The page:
Professor emeritus Raman deals with the title theme in 10 chapters: Introduction, On science and religion, Epistemological aspects, Explanatory dimensions, Belief systems and God, Spiritual aspects, Ethical aspects, Dissimilar visions on common themes, Origins and ends, Concluding thoughts. All of these issues are dealt with elsewhere. So, why should anybody read this book? The answer is because of the overarching, encompassing, balanced, knowledgeable approach of the author, his sure, differentiating discernment, and his positive attitude. It is no secret that discussions of science and religion give rise to controversies, and (too) often to sterile confrontations. The present volume is a guidepost for better, more fruitful ways to go about difficult (controversial) issues. Raman describes himself as “one whose mind has been enriched by science and who has derived fulfillment from religious associations” (p. 7). He wishes to foster readers’ similar experiences. The volume is dedicated to “all men and women of goodwill who recognize whatever is ennobling and enhancing in both religion and science, and choose to discard what is not” (p. v).
What are the particulars of this volume? First, Raman looks at a given issue from a historical and a current viewpoint. He brings to bear his extensive knowledge of science, in particular of physics, and of various religions both Abrahamitic and Eastern. He uses prose as well as poetry in his presentation and argumen-tation, quotes other authors through the ages and across continents in a number of languages including Latin and Sanskrit. Second, he points out the respective strong points and expresses his doubts about less convincing aspects. Third, all this is always done in a caring way, never with arguments ad hominem. Fourth, throughout Raman stays understandable and brings something to both beginners and old hands. Within the present scope it is not possible to illustrate these statements throughout the book. So let me do it for two chapters, beginning with Epistemological aspects (pp. 57-96). The subchapters are Facts, perspectives and truth, Criteria and truth contents in science and in religion, Why in science and why in religion, Determination and levels of reality, On knowing the future, Prediction: religious and otherwise, Types of faith, Types of doubt, Contextual relevance of faith and doubt, Gnosis and sciencis: aparÃ¡ and parÃ¡, On exopotent and endopotent truth. Raman gives encompassing definitions and discusses moult examples, never shying away from controversial, difficult, or lesser-known issues such as that characterized by aparÃ¡ and parÃ¡ (lower and higher knowledge). Sciencis referring to knowledge gained through the mode, methodology, and framework of (modern) science as an enterprise. With this terminology, science-religion dialogues are deamed exchanges between sciencis and gnosis.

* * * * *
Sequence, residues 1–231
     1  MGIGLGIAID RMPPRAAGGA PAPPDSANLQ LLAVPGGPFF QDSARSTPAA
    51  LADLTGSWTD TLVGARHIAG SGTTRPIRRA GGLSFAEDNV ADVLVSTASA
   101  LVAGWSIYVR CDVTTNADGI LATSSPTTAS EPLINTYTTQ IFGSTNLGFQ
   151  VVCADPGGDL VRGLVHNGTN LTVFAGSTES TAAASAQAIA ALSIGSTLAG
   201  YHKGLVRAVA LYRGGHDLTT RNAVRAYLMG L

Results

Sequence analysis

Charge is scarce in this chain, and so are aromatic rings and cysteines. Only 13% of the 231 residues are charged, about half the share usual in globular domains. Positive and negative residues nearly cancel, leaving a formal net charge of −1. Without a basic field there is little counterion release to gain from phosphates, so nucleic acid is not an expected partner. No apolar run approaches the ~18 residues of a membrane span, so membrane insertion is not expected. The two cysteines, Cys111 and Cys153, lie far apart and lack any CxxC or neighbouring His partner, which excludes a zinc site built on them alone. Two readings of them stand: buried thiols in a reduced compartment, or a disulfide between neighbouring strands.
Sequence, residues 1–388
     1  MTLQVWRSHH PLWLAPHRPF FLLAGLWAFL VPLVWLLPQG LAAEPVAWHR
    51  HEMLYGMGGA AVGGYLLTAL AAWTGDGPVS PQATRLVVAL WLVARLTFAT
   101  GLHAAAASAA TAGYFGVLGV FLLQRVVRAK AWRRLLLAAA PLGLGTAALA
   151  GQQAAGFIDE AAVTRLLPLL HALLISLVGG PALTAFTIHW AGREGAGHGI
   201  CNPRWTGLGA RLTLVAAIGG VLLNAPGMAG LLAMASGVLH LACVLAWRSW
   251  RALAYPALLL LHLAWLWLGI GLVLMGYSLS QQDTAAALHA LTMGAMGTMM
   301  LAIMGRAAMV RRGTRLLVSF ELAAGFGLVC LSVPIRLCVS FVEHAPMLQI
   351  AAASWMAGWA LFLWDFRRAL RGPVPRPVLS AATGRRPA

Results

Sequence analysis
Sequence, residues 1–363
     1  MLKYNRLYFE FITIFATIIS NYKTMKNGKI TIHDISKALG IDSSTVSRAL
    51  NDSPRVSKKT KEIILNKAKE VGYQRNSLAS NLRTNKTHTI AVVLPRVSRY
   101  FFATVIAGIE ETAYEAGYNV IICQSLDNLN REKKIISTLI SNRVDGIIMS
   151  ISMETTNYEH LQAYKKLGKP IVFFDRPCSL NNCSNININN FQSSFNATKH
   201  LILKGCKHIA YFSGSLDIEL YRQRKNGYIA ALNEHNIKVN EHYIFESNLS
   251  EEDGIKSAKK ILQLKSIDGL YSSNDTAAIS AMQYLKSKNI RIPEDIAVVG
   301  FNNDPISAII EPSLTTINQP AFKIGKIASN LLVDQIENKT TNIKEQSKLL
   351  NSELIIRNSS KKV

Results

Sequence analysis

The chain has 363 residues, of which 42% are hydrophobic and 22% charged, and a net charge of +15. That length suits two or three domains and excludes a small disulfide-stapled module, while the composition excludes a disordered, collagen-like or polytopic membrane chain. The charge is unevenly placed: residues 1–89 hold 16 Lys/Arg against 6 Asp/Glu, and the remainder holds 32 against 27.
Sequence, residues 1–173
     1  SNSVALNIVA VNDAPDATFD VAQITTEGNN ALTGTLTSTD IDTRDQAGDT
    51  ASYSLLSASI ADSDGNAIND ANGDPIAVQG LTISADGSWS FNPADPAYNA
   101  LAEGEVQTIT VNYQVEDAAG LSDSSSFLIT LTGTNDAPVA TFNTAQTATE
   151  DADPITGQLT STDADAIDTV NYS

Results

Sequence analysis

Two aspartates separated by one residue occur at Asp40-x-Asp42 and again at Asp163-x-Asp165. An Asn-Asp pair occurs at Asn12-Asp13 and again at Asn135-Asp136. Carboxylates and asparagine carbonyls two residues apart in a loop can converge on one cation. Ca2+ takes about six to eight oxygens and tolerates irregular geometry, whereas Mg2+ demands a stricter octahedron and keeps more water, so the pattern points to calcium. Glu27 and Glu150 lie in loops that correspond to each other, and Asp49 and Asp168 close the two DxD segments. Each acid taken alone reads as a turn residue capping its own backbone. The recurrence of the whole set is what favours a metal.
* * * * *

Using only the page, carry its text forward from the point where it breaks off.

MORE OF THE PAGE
The chapter Dissimilar visions on common themes (pp. 235-299) is my second example. Here the subchapters are titled Common themes, Revelation, Sacredness, Authorities, Numbers in religion and science, Religion and science in the context of sex, Food in religion and science, Magic in religion and science, Poetry in religion and science, Art in in religion and science, Celestial world: religious and scientific perspectives, Politics in religion and science, Technology in religion and science, Music in religion and science, History in religion and science, Philosophy in religion and science, Aesthetics in religion and science. Again, the wide scope and the embracing of controversial issues will be apparent. As to Raman’s basic attitude, it is apparent (among others) form his statement on mysteries: “When we pray or worship, when we light a candle or wave a flame to a divine symbol, when we prostrate, bow down or kneel, when we sing a psalm or chant a mantra or proclaim in faith that God is great, we are acknowledging the Mystery that eludes us” (p. 194). He (rightly in my view) counsels humility: our knowledge and insights are limited and cocksureness is not conducive to better understanding. Another feature of the volume are Raman’s comparisons, for example concerning consciousness: “One might as well ask which view of music is correct: enjoyable melody or superposition of discrete frequencies? (p. 187) or “The religious approach to spirituality is like delighting in a gourmet meal; the scientific approach is like studying the recipes or chemically analyzing the ingredients o the menu” (p. 181).
I hope to have given enough of a flavour for deciding whether or not the book is a desirable read (it is very much so for this reviewer). As is unavoidable with an enterprise of such a scope, there may be here and there details not every expert will agree with. However, if so, in my view this is largely overcompensated by the enlargement of the mental horizon a reader will experience. Let me also add that there are 27 pages of references and a 22-page index.
This review first appeared in the ESSSAT News of Sept. 09, and is republished here by permission.
Varadaraja V. Raman. Truth and Tension in Science and Religion. Center Ossipee, NH: Beech River Books, 2009. xiv + 390 pp. ISBN 978-0-9793778-6-0